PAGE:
George Pell appeal:
Victims of sexual assault cannot be publicly identified and when the man gave evidence at Pell’s trial he did so to a closed court.
The appeal hearing is being livestreamed on the Supreme Court’s website but is on a delay of 15 seconds, and the prosecutor’s gaffe was picked up in time, and the livestream feed muted.
Chief Justice Anne Ferguson told Mr Boyce ‘‘there are measures in place’’ to prevent accidents.
The prosecutor had begun on the front foot at the start of Thursday’s hearing.
Mr Boyce said the victim was a credible, compelling witness who should be believed.
‘‘He was clearly not a liar. He was not a fantasist. He was a witness of truth,’’ he said.
Pell, who is almost 100 days into a six-year prison term for that assault, returned to court on Thursday, dressed all in black save for a white clerical collar.
His lawyers argue the guilty verdicts on all five charges a County Court jury reached last year are unsafe, as the jury should have had a reasonable doubt.
In response, Mr Boyce said the prosecution case against Pell was based on the accuser’s evidence, and told the appeals judges the victim had withstood ‘‘searing’’ cross-examination over eight or nine hours of evidence at trial.
Mr Boyce was far less assured before the judges than Pell’s lawyer, Bret Walker, SC, was on Wednesday, and his submissions were punctuated by pauses and the odd stammer.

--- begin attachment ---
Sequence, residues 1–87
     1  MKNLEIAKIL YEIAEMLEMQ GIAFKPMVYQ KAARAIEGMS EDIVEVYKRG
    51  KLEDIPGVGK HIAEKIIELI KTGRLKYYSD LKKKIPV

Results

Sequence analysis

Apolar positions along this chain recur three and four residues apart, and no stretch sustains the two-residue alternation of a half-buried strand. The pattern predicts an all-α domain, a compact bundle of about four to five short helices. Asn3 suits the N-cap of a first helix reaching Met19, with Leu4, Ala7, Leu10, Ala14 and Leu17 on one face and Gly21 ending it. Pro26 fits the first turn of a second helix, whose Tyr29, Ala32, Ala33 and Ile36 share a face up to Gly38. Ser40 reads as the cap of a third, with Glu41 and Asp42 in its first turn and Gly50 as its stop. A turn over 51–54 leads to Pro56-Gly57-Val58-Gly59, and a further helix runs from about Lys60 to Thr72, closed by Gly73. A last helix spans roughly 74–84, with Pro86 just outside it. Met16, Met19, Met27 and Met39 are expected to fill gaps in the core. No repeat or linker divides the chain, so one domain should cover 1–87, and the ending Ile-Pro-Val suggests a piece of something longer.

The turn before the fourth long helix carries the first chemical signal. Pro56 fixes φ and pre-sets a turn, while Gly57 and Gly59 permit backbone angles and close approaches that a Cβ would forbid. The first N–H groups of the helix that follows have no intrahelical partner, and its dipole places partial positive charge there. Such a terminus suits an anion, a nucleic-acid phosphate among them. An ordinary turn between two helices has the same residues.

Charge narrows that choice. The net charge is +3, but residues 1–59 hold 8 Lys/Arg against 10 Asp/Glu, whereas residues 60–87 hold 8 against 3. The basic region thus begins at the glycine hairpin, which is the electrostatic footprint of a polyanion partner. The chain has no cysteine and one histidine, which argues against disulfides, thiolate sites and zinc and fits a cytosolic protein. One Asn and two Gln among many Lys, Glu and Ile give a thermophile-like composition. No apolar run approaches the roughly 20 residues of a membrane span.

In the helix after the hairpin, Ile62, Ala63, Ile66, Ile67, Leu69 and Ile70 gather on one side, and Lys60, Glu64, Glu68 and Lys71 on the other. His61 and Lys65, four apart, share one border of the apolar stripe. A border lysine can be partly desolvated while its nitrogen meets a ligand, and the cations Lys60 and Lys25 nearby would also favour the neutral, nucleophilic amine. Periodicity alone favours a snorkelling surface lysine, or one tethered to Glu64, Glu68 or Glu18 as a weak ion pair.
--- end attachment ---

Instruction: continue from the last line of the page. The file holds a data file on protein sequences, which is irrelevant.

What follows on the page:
At one point he acknowledged he was ‘‘attempting to make a point, not particularly well’’.
He was also challenged by the judges with regular questions.
Asked if the judges should question whether the accuser was lying or his allegations against Pell were an involuntary act of fantasy, Mr Boyce answered: ‘‘Absolutely.’’
But he said the victim’s evidence was not only compelling, it was supported by a knowledge of the layout of the sacristy, the room in the cathedral where the boys were sexually assaulted.
‘‘He said he had never been in that room before [the assault],’’ Mr Boyce said.
The prosecutor also cast doubt over the alibi that Mr Walker stressed upon the court on Wednesday, that the then Archbishop of Melbourne was on the front steps greeting parishioners after the Sunday mass, and so therefore couldn’t have been in the sacristy.
The alibi, Mr Boyce said, was not ‘‘a cast-iron’’ one.
Justice Chris Maxwell said: ‘‘That’s not what we are talking about here.’’
Mr Boyce: ‘‘Precisely.’’
Pell’s lawyers have lodged 13 key points that argue why the jury should have had a reasonable doubt, and prosecutors have lodged submissions rebutting each of the points.
Prosecutors say Pell didn’t always greet churchgoers after mass and that on some occasions he did he was only outside for a few minutes.
The hearing continues.
If you or anyone you know needs support, you can contact the National Sexual Assault, Domestic and Family Violence Counselling Service on 1800RESPECT (1800 737 732), Lifeline 131 114, or beyondblue 1300 224 636.
Adam Cooper joined The Age in 2011 after a decade with AAP. Email or tweet Adam with your news tips.